Are you a geyser or a volcano?

Hello. My name’s Sarah and I’m a volcano

For those of you that are from my neck of the woods – the South of England, I’m not talking about a geezer, diamond or otherwise (for those that aren’t aware, a geezer, is a male, of certain characteristics – usually likes football, pints, down-to-earth and is something of an alpha male). I’m talking about how you let your anger go when it comes up.

I’ve always been impressed by people that are able to show their emotions in all their technicolour glory, especially anger. I’m not talking about those people that start pummelling the nearest animal or human because they’re angry. No – there’s a special place in purgatory for them. I’m talking about those people that can succinctly, but assertively tell you when they are angry and then tell you why. I have to admit that these people seem pretty rare to me, because more often than not, it’s either a meltdown of epic proportions or a passive aggressive response that leaves you none-the-wiser over what you’ve done to offend.

It’s for this reason that I started ruminating on the types of people we have in the world and how they express their anger.

For the geysers amongst us, they’re someone that allows themselves to feel and express their anger as they move through life’s trials. It might be that they have something of a reputation for being temperamental or even unpredictable, because it seems like the smallest thing can set them off. So, although they go and they get angry, it’s a whole lot less spectacular when they do. And also a whole lot less dangerous. They’ll say their piece, they might blow up, and then everyone, including them, moves on with the rest of their day.

However, if you happen to be like me, you’ll be a volcano. What do I mean by this? I mean you bottle up and store up your anger or you might even swallow it down until it becomes something of a throbbing abscess, waiting to be lanced. You keep adding to the pile of things that have pissed you off, or that you have felt wronged by. You start to feel depressed, frustrated and irritated that people can’t see your pain. I mean why the fuck aren’t these people able to read our minds? What’s the bloody matter with them? But still you can’t express it, you just don’t have the words to tell them all to bloody jog on, or why you’re annoyed with them…until one day…FOOM! And it’s stand back everyone because this person has fucking blown their stack over having the wrong filling in their sandwich (and yes, I’m not too proud to admit I have done this).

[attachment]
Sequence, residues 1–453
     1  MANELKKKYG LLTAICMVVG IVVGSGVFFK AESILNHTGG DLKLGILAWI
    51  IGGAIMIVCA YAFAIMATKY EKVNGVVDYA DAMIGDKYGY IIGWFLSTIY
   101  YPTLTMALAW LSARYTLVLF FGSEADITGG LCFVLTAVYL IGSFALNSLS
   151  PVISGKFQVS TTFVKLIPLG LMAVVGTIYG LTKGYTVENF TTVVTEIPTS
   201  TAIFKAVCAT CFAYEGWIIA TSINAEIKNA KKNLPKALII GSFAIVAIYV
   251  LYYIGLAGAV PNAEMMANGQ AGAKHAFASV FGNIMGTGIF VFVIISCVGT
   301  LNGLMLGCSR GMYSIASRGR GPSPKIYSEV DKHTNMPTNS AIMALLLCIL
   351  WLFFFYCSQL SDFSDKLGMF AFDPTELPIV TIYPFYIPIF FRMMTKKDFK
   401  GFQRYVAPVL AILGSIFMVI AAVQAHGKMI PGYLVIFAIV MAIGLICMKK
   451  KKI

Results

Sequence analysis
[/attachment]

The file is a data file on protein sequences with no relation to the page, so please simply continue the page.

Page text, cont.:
But it’s not about the sandwich is it? It’s about all the shit that has come before the fucking sandwich. It’s about the inability to be able to find the words or even to feel safe enough to blast when we need to. And it’s about the judgement that we feel when we’re not able to pretend that everything is just peachy! Because I bet if we all got in a room and I asked ‘who today has felt able to express their hurt over their triggers in public?’, none of us would hold our hands up, me included.   

And I guess there is the problem in a nutshell. It’s all to do with communication and voicing what’s going on for us, because people aren’t psychic and many of them aren’t aware of the issues that we, as childless-not-by-choice, have to face on a daily basis with living in society with all it’s wonderful triggers. And that shit accumulates fast when you’re not feeling good about life, your circumstances, or yourself. I mean every single trigger and child we come across is a red, neon sign showing someone else’s success and highlighting what we see as our failure.

But anger doesn’t have to be the result of this. You don’t need to put yourself through the wringer, by either blasting or bottling it up. Let me be clear there is nothing wrong with anger, it’s a normal emotion and we all feel it from time to time, but when it becomes toxic is when we can’t speak about what is really bothering us – our childlessness. 

And I’m not going to say this is a simple solution and that talking about it suddenly solves everything. It doesn’t. But it does stop becoming an act of self-harm when we start to talk about this stuff. Believe me, I have become less likely to erupt, because I tell people when I’m not happy. It hasn’t come easy and there are still times I bottle, rather than say, but I have definitely felt less burdened with other people’s shit. As a consequence I no longer feel the need to hang on to things that bother me at low-level irritation and therefore the accumulative effect of other people’s shit wears off. But it does mean being brave and saying when something they have said or done has annoyed me – which is usually in an assertive way about the issue rather than ripping someone’s head off over a sandwich. 

Communication is the key - as tough as it can be, telling people in the moment what's happened is easier on everyone than bottling it up

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